Salt Lake City police Detective Jeff Payne’s body camera footage confirms Logan police Chief Gary Jensen’s assertion that his officers did not push to get blood from the victim of a fiery crash in Cache County.
Payne ultimately handcuffed and arrested University Hospital nurse Alex Wubbels on July 26 after she refused to allow the blood draw on the grounds that the patient was unconscious and Payne had no warrant.
Jensen said one of his detectives investigating the crash told Payne not to worry about pushing for the blood draw because Logan could get the blood through other means. He said Logan officers didn’t initially realize the crash victim, 43-year-old William Gray, was unconscious and thus unable to consent to a blood draw.
“My investigator [tells Payne], ‘Hey, don’t worry about it, we’ll go another route. No worries,’” Jensen told The Salt Lake Tribune Wednesday.
Footage from Payne’s body cam paints a similar picture of his discussions with Logan police about the blood. As Wubbels sits handcuffed in Payne’s patrol car nearby, Payne and his watch commander, Lt. James Tracy — who ordered Payne to get the blood in the first place — confer about the escalating situation.
Tracy says he has just learned that the hospital routinely takes blood from patients such as Gray upon arrival. So he suggests that they tell Logan police to seek a warrant in order to obtain the hospital’s existing blood sample from Gray.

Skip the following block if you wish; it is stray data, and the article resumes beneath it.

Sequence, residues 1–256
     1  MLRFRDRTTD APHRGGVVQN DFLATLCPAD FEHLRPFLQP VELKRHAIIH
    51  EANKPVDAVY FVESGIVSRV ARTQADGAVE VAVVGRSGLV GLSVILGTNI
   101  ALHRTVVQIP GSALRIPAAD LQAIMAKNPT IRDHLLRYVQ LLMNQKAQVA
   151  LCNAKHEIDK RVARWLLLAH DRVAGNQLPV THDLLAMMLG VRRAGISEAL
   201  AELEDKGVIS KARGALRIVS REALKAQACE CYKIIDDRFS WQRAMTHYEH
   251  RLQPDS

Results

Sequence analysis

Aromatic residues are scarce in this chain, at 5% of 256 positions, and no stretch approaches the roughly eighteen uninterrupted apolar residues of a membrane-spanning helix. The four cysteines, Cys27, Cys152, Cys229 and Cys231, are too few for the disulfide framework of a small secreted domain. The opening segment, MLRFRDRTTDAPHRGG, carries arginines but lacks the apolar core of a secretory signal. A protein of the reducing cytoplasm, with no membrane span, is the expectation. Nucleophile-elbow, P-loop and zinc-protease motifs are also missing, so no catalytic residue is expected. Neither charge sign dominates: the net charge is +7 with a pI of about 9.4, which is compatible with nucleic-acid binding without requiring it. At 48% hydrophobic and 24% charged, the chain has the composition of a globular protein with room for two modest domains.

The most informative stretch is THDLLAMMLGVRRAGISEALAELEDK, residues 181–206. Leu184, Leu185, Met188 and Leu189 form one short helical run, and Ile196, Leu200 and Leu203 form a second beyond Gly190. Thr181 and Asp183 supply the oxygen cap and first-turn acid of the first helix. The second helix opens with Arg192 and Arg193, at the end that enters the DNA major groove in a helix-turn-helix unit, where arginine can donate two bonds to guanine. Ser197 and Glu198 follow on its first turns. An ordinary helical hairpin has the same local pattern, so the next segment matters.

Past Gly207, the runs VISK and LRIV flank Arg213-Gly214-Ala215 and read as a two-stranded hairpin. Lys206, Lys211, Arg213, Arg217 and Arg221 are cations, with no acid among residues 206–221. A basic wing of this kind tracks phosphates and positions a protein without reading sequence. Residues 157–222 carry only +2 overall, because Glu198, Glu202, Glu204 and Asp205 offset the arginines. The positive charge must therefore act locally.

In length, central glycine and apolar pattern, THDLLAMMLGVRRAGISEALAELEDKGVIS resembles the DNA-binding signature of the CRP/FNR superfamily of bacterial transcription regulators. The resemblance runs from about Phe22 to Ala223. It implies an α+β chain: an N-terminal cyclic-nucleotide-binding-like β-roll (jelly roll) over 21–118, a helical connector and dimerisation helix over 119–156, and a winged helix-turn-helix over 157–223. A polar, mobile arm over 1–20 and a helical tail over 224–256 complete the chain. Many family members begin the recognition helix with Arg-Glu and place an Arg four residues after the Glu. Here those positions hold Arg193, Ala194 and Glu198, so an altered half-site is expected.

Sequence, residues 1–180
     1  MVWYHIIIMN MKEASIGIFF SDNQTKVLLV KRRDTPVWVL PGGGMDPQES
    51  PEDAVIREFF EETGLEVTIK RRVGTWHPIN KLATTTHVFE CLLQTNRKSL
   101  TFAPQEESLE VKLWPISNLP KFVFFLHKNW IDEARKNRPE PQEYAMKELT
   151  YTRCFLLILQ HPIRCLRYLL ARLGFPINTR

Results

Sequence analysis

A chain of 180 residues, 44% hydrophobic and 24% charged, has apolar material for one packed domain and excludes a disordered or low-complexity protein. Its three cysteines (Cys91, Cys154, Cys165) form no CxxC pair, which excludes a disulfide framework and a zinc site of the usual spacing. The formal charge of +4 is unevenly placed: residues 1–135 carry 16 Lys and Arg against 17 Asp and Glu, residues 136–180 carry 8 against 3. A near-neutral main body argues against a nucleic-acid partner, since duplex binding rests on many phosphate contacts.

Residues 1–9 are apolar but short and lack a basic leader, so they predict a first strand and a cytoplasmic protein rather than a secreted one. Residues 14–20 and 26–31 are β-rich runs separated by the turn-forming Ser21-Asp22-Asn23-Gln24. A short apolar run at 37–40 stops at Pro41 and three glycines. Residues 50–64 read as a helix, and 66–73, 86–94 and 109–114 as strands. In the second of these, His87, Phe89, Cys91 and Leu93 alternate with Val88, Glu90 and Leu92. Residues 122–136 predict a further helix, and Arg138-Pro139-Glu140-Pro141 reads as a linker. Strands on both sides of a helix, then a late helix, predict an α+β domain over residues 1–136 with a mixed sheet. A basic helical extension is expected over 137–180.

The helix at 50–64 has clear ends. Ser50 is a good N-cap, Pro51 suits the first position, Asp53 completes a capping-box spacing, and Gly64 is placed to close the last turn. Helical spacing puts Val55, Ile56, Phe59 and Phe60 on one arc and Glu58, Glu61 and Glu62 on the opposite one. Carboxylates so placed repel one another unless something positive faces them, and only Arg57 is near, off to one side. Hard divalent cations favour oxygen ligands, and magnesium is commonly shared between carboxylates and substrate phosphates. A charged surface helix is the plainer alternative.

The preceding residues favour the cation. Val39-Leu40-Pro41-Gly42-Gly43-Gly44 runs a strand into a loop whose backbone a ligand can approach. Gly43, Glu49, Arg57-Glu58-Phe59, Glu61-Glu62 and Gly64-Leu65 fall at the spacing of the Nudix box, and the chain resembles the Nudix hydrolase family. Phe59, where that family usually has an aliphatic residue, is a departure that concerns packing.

“So, I think what we‘ll do is ... this isn’t even our case, I’m tired of dealing with it ... we’ll call Logan back, and we’ll tell them, hey —”
Payne interrupts him: ”I’ve already talked to them a couple times.”
“Are they pissed [we can‘t get the blood]?” asks Tracy.
No, Payne says.
“I think we‘re going to release [Wubbels],” Tracy says. ”And we’re going to tell her ... charges are going to be screened on it. Actually, what we’re going to tell her, because I don’t even want to write this [incident] up —”
“We got to [write it up],” Payne corrects him. Several times in the conversation, the fact that Payne‘s body camera is turned on is mentioned. “No, I mean I do [want to write it up],” Tracy quickly says.
Later, after formulating their plan for releasing Wubbels and calling Logan police back, Tracy says: ”Let’s just do that and get the hell out of here.”
Jensen said his detective had talked to Payne about the situation before Payne arrested Wubbels. He said his department had no recordings of the call between the two.
Jensen, who for 25 years also took blood draws along with his officer duties, said it is routine to seek blood from everyone involved in a fatal car crash. The crash involving Gray, a truck driver and reserve police officer from Rigby, Idaho, occurred on U.S. 89/91 near Sardine Canyon, when a man fleeing the Utah Highway Patrol crashed a pickup truck into Gray’s semi head-on. That man, Marcos Torres, 26, died at the scene.
While Logan police could have sought a medical subpoena to get Gray’s blood that was collected by the hospital, Jensen said, they didn’t. Police decided that they did not need Gray’s blood to proceed with the crash investigation, the chief said. He added that there is solid evidence about what occurred — including UHP dash camera footage showing Torres swerving directly into Gray’s semi. The crash remains under investigation.